An Enhanced Role for Executive Appointment

The nature of the adversarial political process results in a number of people with specialist expertise and management talent not making themselves available for senior office.

It is often commented that one advantage of the US system is the capacity of the President to draw respected people of achievement and talent and appoint them to senior roles. As one example, the role of Secretary of Defence is not filled by an elected representative, rather, by nomination by the President – with the recently retired Robert Gates a notable example of an appointment who served until both Republican and Democratic presidents and as a result was viewed by many as ‘above the politics’.

Advantages of this Reform

A large scale “reshuffle” of all ministerial level roles is not required where there is a public/ political need to remove a minister from their current area of responsibility. Furthermore, the public earns access to the capacity of people of experience who choose not to contest public elections, but who may be more effective managers of specialised policy areas than those whose key skill is public advocacy. Importantly, in day to day performance of the role, the public has individuals who are not directly required to engage in partisan adversarialism, nor do they have the “management overhead” of serving a local electorate, a requirement for fundraising or a focus on re-election.

Arguments Against this Reform

There is an element of the aristocratic in any form of appointment, and care needs to be taken to ensure checks and balances in the appointment process. A secondary concern is to ensure careful separation with the donor process to ensure there is no possible inference that one is able to ‘buy’ office.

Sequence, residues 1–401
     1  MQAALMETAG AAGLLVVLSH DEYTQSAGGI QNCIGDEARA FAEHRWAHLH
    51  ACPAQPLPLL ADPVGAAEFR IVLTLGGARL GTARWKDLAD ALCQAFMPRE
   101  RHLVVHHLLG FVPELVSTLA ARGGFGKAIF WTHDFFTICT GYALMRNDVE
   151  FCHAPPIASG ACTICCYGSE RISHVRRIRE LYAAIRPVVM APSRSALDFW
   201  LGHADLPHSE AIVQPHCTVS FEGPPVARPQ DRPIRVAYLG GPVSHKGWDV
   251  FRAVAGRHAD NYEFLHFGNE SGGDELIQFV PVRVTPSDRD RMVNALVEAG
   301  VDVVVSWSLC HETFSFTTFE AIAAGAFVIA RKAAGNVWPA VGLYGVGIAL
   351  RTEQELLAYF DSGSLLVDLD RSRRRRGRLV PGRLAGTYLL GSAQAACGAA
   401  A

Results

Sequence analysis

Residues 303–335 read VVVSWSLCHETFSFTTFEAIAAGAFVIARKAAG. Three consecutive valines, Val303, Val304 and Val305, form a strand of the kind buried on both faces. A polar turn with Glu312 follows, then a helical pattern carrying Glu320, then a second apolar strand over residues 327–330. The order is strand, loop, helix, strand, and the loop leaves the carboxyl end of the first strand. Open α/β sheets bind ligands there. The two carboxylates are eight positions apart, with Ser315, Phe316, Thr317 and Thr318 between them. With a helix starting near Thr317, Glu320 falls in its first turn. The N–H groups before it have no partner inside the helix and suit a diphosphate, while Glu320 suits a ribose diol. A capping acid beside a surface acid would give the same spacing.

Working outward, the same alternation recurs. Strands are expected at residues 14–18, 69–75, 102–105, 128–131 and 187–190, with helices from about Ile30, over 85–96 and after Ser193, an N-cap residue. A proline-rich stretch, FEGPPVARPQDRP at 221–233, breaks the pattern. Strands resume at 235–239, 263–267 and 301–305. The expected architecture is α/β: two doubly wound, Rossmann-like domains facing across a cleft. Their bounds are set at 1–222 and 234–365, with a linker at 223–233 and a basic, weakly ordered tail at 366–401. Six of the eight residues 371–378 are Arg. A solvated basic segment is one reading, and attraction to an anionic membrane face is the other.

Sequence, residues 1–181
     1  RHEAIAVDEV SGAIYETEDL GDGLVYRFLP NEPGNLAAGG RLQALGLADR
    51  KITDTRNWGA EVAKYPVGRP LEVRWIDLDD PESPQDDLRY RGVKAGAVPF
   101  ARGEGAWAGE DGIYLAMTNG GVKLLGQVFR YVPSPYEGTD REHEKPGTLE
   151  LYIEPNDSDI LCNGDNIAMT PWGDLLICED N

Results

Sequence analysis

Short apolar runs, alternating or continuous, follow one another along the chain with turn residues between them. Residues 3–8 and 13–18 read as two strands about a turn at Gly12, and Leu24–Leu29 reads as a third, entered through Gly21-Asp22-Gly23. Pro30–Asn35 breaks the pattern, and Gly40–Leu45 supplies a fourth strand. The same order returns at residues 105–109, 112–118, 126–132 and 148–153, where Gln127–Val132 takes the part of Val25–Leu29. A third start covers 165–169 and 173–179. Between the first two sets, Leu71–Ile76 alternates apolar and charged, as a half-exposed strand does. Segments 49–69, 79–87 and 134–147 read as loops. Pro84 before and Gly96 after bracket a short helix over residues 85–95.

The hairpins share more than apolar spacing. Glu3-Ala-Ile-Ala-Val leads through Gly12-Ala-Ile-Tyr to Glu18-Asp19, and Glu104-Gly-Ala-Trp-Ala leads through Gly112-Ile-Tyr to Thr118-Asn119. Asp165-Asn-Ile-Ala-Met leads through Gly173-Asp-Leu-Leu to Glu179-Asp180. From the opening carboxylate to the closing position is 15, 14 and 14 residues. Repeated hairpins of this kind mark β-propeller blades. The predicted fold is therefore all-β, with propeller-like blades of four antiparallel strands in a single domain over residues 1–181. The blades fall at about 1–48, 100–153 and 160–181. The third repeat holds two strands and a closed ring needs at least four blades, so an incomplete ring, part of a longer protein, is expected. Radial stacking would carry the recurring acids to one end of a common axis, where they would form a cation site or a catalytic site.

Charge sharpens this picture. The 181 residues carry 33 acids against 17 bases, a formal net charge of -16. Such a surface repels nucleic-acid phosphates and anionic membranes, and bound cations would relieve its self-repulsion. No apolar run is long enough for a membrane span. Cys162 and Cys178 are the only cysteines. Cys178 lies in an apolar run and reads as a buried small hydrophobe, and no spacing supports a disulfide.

One of the strongest arguments against executive appointment surrounds the position of Henry (Hank) Paulson as Secretary of the Treasury following roles at Goldman Sachs as Chairman and CEO, who was then called on to make decisions directly affecting the organisation he previously led.

Background and Origins

The appointment of roles by the President of the United States (with confirmations by the Senate) is the most visible and longstanding example of the practice.

Questions for Further Study

The key question to be researched is one of public trust and confidence across a range of systems. Issues of competence and effectiveness in specific roles are considered so highly subjective as to be inappropriate to credibly measure – however, public confidence and trust are good surrogate/ secondary indicators of efficacy in a public role.

What You Can Do

As with the other reforms in this section, this reform requires a measure of public advocacy. It is considered that this could also be credibly trialled at a local government level – in which case interested citizens can work with the Foundation to approach their Council.


None yet requested.

Further Readings

  • Vaughn, J. & Otenyo, E. Managerial Discretion in Government Decision Making : Beyond the Street Level Jones and Bartlett Publishers, 2007.  Buy it online (Free Shipping Worldwide)

Image credit:

Ujino Muneteru
The Rotators, 2005
Mixed media installation with home appliances, electric guitar, dimensions variable
Courtesy of the artist and Mizuma

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